This 10-Minute HIIT Workout Will Help You Sculpt Crazy-Toned Abs
The good news? You don’t have to pick between ’em for a quickie workout. A high-intensity interval training circuit made up of core-centric exercises ticks both boxes, for a combination of fat-burning and sculpting power.
Of course, there are more benefits to workouts like these than aesthetic results. “All of your movements stem from the core—it’s what keeps you standing up!,” explains Beth Gold, NASM-certified trainer at NYC fitness hotspot Rumble Boxing. “Core strength and stability is the base of your fitness, and everything is built on top of that.” Plus, HIIT workouts are excellent for improving your cardiovascular health and building endurance, she adds. (The Slim, Sexy, Strong Workout DVD is the fast, flexible workout you’ve been waiting for!)
Gold created a workout that does all of the above, while also giving you a chance to challenge yourself to 10 minutes of AMRAP protocol, a.k.a. doing a move for “as many rounds as possible.” Every time you do this quick workout, you can try to reach a new personal best. “Setting goals in an AMRAP (like, I’m going to finish this circuit at least twice) is a great way to feel like you’ve accomplished something great—and even better when you exceed those goals,” Gold says.
To try out her creative workout, check out our cheat sheet below. And scroll down for step-by-step info for each and every move.
During the AMRAP sections, Gold suggests trying to complete at least three rounds, but do your best and take breaks as you need them. “Workouts like these are geared towards being challenging, building up a great sweat, and feeling like you kicked some serious butt by the end in a short amount of time,” says Gold. Challenge accepted.
How to: Holding a set of challenging dumbbells at your shoulders (7.5 to 15 pounds or more), drop into a deep squat, keeping your weight in your heels. As you stand back up, press through your heels to engage the backs of your legs and explode the dumbbells overhead. Lower the dumbbells back to the starting position. Repeat for 10 reps. You can opt to do this with both arms, or one at a time.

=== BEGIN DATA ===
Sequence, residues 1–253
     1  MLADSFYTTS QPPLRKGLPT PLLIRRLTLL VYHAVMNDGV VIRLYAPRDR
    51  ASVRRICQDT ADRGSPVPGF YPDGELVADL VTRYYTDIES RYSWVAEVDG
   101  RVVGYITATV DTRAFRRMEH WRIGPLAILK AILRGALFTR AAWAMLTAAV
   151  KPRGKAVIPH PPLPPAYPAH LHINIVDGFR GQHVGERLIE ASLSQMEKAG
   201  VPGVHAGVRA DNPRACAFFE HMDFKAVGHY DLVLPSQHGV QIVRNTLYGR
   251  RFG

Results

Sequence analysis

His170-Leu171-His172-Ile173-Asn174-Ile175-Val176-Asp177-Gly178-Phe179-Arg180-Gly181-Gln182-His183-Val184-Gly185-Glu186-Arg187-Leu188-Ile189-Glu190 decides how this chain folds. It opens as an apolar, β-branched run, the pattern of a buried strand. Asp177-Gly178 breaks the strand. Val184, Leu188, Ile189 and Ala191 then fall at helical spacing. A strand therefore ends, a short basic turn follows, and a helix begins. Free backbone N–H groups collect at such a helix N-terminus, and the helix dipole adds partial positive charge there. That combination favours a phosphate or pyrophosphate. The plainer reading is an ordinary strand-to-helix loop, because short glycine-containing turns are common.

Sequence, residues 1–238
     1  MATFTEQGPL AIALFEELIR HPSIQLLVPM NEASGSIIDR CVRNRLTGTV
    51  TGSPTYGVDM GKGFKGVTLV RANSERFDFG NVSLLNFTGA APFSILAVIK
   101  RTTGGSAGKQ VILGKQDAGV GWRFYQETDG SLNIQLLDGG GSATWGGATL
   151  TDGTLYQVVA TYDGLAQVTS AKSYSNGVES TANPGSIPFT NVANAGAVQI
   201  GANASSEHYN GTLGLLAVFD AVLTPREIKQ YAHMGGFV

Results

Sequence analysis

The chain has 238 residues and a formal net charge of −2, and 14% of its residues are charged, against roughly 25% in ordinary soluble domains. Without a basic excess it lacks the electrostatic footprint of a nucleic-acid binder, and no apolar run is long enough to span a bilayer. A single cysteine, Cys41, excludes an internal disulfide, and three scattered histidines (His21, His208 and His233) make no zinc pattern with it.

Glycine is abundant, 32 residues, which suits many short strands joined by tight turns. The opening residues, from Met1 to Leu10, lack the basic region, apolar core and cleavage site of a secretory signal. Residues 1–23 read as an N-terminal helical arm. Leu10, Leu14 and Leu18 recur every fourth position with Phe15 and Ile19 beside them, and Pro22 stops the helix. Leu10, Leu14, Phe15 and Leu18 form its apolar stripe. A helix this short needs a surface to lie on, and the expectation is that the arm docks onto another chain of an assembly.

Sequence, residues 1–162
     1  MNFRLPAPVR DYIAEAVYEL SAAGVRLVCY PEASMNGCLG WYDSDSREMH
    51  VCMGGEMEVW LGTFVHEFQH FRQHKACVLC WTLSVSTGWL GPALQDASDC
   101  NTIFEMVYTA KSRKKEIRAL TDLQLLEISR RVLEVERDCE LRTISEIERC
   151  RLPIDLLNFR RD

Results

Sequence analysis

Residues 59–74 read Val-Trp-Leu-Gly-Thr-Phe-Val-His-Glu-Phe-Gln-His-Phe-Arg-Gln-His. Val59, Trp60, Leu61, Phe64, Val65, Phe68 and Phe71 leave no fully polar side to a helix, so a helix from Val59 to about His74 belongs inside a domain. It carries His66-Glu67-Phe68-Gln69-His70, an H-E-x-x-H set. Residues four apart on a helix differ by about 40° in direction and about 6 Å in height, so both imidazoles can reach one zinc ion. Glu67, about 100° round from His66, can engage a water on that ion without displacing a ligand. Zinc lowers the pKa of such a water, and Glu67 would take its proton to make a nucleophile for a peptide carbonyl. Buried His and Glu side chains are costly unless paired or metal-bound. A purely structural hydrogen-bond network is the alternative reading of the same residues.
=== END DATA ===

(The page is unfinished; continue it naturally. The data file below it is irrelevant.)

How to: In a high plank, hold a set of challenging dumbbells in your hands (10 to 20 pounds), directly underneath your shoulders. Place your feet wider than hip distance apart to help keep you stable. Use your back muscles to pull the weight in your right hand up to your ribcage. Lower it back down and repeat with the weight in your left hand. Alternate sides and repeat. That’s one rep. Repeat for 12 reps.
How to: Start in high plank, your wrists stacked underneath your shoulders and your core tight. Jump both feet out to the sides, then jump them back together (like a jumping jack). For an easier modification, step just one foot out at a time. Repeat for 20 reps.
10 plank variations that’ll help you mix up your workout routine:
How to: Holding a set of light weights (two to five pounds), lie on your back with your knees bent and your heels close to your glutes. Complete a situp (shown here), and to amp it up, at the top extend your right arm across your body to punch left, then extend your left arm across your body to punch to your right, twisting from your core as you punch. Lower yourself back down and continue for one minute (minute four to minute five).
How to: Hold the ends of one dumbbell (10 to 20 pounds) at your chest with your elbows in and your feet stacked under your shoulders. Take a big step back with your right foot and bend both knees to a 90-degree angle to get into a reverse lunge. From your waist up, twist your body over your front leg, then back to the starting position. Step your right foot back in and repeat on the other side. That’s one rep. Repeat for 10 reps.
How to: Start in high plank, your wrists stacked underneath your shoulders and your feet slightly wider than hip-width to help you stay stable. Keeping your core tight, lower your right forearm down to the ground followed by your left forearm to get into a low plank. Push back up to a high plank starting with your right side, stacking your hand underneath your shoulder again, then follow with your left side. Alternating which side you lower and raise first, repeat for 10 reps.
How to: Similar to a regular v-up (shown here), start laying flat on your back, with your arms overhead and your legs extended. Hold a set of weights (five to 10 pounds) in your hands. Engaging your core, lift your torso to complete a full situp, then engage your left leg to lift it toward the sky and reach for your left foot with your right hand. Lower all the way back down and repeat on the other side. That’s one rep. Repeat for 16 reps.
How to: Start in high plank, your wrists stacked underneath your shoulders. Drive your right knee toward your chest, hovering your right foot above the ground. Bring your right foot back and repeat with your left knee. With tempo, quickly alternate back for forth. (For an extra obliques challenge, drive your knees to the opposite elbow each time). Continue for one minute